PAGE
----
Technology is designed for practices, not hospitals
Independent physicians have the ability to adopt technologies that are well-suited to their practice needs, specialty, and work style. Doctors who transition from independent practices to health systems usually must give up their preferred technologies in favor of the employer’s standard platforms. For example, rather than an appointment scheduling system designed for in-office staff, many health systems use centralized scheduling systems that give individual physicians (and their staff) less flexibility and control. Similarly, doctors must forgo their preferred EMRs and adopt the health system’s EMR, which is often more complex and less doctor-friendly. Most physicians will admit that the complexity of enterprise EMRs leads to a loss in productivity. Physicians may be unable to complete patient notes at the time of the encounter and must either complete their charting after hours or make a reduction in their patient workload – which negatively impacts their compensation.
Communication channels are typically faster and easier to navigate for independent practices, which are usually much smaller than hospital-owned practices. Having a receptionist in the same office as the doctor (which is the typical set-up with independent physicians) facilitates communication between doctors, staff and patients. Connecting with the right person is much easier when no one’s phone call has to be funneled through the health system’s dreaded phone bank (“please hold, your call is very important to us”). Better communication enhances patient care and satisfaction, and even reduces medical liability risk.
Fear often drives independent physicians to consider health system employment. Some may fear a loss of referrals when their peers join a health system. However, patients no longer rely solely on their primary care physician for referrals. The proliferation of online physician rating sites and the use of social media have helped shift referral patterns, and quality doctors will continue to thrive, regardless of their employment status.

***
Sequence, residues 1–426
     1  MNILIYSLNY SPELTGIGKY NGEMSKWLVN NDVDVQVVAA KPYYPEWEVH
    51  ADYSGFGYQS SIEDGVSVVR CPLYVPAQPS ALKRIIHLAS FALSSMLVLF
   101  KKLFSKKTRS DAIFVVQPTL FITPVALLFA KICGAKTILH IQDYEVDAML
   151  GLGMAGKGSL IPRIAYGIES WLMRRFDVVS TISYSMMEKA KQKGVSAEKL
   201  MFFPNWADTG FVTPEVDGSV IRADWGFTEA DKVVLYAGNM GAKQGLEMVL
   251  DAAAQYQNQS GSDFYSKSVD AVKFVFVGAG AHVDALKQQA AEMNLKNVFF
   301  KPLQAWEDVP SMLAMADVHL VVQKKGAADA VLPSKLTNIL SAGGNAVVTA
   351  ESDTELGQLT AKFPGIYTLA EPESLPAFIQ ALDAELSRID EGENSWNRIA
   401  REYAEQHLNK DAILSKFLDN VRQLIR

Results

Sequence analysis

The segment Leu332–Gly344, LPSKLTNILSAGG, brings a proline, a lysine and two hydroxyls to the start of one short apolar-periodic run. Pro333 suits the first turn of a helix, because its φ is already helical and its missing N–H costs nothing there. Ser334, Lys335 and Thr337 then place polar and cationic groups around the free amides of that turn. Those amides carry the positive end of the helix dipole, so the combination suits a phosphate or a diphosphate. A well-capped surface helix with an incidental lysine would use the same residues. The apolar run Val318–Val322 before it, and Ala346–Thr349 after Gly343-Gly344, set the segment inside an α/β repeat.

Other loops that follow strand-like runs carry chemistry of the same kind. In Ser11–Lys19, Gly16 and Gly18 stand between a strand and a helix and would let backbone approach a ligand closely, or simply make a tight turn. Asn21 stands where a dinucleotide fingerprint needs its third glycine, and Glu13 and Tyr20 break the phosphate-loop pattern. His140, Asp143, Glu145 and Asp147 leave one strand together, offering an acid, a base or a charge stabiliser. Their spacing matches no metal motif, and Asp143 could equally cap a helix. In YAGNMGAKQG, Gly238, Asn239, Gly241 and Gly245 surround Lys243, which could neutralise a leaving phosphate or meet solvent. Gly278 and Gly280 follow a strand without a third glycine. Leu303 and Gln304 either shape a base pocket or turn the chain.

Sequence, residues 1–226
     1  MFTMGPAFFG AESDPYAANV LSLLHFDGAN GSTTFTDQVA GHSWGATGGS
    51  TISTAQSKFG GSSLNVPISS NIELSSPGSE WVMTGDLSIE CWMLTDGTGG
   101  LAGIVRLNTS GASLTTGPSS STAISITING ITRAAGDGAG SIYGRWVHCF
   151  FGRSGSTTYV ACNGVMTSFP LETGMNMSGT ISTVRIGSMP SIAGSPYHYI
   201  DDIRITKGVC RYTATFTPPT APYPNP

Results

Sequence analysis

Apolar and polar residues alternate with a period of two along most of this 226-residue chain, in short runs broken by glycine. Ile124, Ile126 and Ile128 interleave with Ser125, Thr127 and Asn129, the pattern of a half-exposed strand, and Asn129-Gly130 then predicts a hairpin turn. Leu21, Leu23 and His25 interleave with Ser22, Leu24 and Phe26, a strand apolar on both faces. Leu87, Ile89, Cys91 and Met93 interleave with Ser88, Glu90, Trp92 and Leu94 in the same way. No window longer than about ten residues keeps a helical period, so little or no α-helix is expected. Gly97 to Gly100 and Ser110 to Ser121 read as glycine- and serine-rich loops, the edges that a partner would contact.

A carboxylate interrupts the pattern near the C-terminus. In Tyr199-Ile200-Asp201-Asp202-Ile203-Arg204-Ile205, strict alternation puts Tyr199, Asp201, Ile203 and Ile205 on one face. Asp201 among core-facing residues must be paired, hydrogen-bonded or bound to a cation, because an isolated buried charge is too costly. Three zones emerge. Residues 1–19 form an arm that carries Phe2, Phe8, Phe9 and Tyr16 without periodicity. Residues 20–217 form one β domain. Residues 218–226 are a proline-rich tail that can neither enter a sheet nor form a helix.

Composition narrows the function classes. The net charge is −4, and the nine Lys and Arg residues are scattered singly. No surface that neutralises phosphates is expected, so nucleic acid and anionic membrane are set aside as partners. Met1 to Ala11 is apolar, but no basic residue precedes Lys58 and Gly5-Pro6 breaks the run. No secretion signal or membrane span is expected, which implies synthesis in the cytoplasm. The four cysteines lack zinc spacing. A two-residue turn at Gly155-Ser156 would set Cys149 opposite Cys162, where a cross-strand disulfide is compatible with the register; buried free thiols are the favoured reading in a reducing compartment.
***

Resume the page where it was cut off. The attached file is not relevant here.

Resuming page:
Independent doctors also fear for the financial viability of their practices in the face of declining reimbursements and rising costs. However, new business models, such as accountable care organizations and patient-centered medical homes have the potential to boost practice revenues, while numerous information technology advancements provide opportunities to streamline costs and improve efficiencies.
Though more doctors today are choosing to be employed by health systems, independent practices offer numerous benefits for patients and physicians alike. Despite economic uncertainties, practicing as an independent doctor remains a possible and rewarding alternative.
About the Authors
Dr. Prodromos is an Orthopaedic Sportsmedicine Specialist and editor of the comprehensive textbook for Orthopaedic Surgeons on the Anterior Cruciate Ligament. He is a graduate of Johns Hopkins Medical School and trained in Orthopaedics at Rush and Harvard/MGH. He is Assistant Professor of Orthopaedic Surgery at Rush Medical College. He is also active in PRP and stem cell research.
Michael Nissenbaum is president and CEO of Aprima Medical Software, a company that provides innovative electronic health record, practice management and revenue cycle management solutions for medical practices. Prior to joining Aprima in 2004, Nissenbaum enjoyed a highly successful career at Millbrook Corporation and GE Healthcare. Nissenbaum earned an MBA from the University of Chicago and is a Certified Public Accountant and Chartered Financial Analyst®.
This article originally appeared on Healthcare Musings.